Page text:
If the AP only allows ventriculo-atrial conduction then the patient's ECG will have a normal configuration at rest or during tachycardias. If the AP allows atrio-ventricular conduction the ECG will usually be the result of "fusion" of (depolarisation) changes due to AP conduction and those caused by (normal) conduction through the AVN. These usually produce visible(and typical) ECG changes of PES i.e a short PR interval and a delta wave. The ECG changes of PES can be intermittent or (as in this case) more marked at faster heart rates.

2. The long term observation of persons with PES has found that:

  • The prevalence of PES in the general population ranges between 0.1 percent and 0.4 percent
  • Sudden death can occur in patients with PES, with a mechanism of preexcited atrial fibrillation with a very rapid ventricular response that deteriorates into ventricular fibrillation. Patients who die suddenly have nearly always had preceding symptomatic arrhythmias
  • The lifetime risk of mortality related to this in asymptomatic individuals has been estimated to be in the range of 1 per 1000 (0.1 percent annual risk). The majority of sudden death patients werebetween the ages of 10 to 40 years. 
  • Long term follow up studies of persons with PES have included patients with symptomatic tachycardias and those without preceding arrhythmias (between 10 - 50 percent of cases)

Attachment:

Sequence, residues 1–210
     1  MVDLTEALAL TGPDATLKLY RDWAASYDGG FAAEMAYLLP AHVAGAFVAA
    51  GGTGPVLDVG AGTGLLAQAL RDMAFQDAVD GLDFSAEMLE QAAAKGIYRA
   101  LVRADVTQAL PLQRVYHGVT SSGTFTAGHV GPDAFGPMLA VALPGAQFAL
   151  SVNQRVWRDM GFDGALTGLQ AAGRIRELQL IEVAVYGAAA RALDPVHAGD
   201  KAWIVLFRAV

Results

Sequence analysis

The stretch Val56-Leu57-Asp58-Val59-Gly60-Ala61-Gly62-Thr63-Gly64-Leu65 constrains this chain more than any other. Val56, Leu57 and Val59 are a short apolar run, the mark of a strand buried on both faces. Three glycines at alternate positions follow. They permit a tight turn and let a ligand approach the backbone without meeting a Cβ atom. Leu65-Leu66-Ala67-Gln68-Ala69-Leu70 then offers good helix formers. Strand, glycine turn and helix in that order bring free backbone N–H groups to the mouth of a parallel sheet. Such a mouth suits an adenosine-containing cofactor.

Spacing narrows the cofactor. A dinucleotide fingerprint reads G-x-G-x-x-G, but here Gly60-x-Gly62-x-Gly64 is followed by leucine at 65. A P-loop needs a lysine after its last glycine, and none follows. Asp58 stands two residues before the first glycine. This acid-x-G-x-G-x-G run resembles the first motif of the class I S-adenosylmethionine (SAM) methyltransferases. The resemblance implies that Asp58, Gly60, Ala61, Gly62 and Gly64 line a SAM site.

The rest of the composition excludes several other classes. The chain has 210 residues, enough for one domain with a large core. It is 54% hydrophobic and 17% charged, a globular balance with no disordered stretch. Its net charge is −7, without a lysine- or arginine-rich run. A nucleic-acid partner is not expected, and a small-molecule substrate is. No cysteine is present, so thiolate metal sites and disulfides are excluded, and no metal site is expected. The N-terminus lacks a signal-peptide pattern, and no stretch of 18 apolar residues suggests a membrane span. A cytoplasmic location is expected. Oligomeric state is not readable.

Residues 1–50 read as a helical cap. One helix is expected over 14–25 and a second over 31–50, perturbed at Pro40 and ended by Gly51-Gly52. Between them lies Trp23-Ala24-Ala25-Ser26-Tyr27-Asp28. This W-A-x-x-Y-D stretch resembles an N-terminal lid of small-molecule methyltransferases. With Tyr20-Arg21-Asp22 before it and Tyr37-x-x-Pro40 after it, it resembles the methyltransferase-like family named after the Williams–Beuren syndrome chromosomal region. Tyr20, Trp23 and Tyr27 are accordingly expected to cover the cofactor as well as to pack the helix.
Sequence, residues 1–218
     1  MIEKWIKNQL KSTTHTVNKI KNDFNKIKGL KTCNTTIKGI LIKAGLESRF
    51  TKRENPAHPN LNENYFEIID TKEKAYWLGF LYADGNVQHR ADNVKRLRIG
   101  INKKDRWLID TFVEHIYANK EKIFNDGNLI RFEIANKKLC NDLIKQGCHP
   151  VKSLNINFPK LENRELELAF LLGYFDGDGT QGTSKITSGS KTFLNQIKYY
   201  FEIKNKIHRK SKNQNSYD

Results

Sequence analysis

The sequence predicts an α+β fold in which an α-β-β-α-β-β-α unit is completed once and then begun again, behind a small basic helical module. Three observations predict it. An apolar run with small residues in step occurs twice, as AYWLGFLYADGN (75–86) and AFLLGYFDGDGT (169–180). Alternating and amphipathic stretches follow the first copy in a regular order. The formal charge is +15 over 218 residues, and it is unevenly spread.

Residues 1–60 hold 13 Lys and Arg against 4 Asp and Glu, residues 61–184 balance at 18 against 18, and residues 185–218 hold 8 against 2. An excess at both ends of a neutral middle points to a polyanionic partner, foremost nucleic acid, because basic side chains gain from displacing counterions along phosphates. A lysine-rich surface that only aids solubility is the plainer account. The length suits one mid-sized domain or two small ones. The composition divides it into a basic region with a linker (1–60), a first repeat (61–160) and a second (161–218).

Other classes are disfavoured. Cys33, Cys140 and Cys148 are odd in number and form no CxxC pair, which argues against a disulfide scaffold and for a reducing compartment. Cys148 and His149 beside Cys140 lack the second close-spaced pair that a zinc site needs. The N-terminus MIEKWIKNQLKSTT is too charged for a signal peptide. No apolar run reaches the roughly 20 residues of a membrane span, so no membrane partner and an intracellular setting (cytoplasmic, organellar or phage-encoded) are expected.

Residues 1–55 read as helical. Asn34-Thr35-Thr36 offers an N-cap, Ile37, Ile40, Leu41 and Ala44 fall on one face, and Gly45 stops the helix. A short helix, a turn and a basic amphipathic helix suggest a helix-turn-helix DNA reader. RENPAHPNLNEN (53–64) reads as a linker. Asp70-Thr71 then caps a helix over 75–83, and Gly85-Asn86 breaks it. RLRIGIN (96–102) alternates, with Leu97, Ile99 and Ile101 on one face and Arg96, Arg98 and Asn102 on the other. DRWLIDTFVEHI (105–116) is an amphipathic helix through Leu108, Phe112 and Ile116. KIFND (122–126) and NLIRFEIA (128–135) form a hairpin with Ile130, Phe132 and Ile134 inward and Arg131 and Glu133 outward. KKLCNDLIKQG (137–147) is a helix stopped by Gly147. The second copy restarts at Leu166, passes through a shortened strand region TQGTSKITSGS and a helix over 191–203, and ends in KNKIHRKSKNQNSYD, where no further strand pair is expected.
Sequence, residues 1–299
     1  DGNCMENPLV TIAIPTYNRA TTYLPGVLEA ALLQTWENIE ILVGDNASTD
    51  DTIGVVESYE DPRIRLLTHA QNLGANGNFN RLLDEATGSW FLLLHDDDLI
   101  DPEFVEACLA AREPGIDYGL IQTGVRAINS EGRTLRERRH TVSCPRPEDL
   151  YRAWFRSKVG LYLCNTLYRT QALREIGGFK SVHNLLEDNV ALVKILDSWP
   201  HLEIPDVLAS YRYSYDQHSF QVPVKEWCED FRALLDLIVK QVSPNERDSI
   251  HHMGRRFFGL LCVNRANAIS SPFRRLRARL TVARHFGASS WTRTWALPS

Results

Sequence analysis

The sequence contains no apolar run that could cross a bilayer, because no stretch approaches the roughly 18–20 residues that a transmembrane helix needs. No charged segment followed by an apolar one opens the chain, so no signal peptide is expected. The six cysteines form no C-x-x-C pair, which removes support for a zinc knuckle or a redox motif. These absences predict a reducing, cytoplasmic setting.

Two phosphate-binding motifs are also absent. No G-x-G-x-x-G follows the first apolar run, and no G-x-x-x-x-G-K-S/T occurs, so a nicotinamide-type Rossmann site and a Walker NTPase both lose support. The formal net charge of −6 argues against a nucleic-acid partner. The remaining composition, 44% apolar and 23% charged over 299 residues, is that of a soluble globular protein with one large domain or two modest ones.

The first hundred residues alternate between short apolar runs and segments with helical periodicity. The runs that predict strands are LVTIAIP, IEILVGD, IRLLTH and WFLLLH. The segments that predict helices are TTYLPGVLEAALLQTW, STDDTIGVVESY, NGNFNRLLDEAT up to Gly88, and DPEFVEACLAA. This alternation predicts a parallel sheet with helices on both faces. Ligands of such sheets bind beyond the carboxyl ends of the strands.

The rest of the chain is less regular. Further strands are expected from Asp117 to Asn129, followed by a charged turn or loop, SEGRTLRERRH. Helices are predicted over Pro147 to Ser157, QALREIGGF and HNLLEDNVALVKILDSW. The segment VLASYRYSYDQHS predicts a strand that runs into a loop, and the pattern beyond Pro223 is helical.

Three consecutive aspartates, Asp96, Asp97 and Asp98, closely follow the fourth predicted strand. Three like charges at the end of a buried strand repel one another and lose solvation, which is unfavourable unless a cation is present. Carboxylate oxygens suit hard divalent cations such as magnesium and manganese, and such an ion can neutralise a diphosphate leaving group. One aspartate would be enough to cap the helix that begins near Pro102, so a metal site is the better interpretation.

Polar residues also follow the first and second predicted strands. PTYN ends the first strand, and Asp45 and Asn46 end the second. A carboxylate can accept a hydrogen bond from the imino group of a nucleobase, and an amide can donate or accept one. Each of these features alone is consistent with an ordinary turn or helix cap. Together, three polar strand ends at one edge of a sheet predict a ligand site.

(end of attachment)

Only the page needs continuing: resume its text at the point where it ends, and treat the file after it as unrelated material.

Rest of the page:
• About one in three persons in long term studies will develop supraventricular tachy-arrhythmias (usually supraventricular tachycardia, although a few will experience atrial fibrillation).
  • A non invasive indicator of low risk in a person with incidental PES is the sudden disappearance of pre-excitation during exercise. The observation that PES was more marked at a faster heart rate in this case is interesting, buton its own does not have any prognostic significance. 

3. There are case reports of patients with co-existent Brugada syndrome and PES. An example of such a case is shown in Figure 7. Leads V1 to V3 in the first ECG of this case are superficially similar, but these changes become less marked as the heart rate slows.

Figure 7. An ECG from a patient with the Brugada syndrome and PES

4. A knowledge of the clinical features of acute rheumatic fever is important in Australia, especially for health professional working with indigenous Australians. Rates of acute rheumatic fever among Aboriginal and Torres Strait Islander Australians are among the highest in the world; 60 percent of cases occur in 5-14 year olds

Figure 8. Clinical features of acute rheumatic fever

Figure 9. Carditis in acute rheumatic fever

Figure 10.  Acute rheumatic fever with acute aortic incompetence and acute mitral incompetence due to rupture of the chordae tendineae. A: Chest Xray shows cardiomegaly and extensive alveolar infiltrates; B: Chest Xray after intubation. An ECHO study showed aortic valve incompetence and mitral vale incompetence; C: Chest Xray after replacement of the aortic valve and the mitral valve.

Figure 11. Chronic mitral valve disease due to rheumatic fever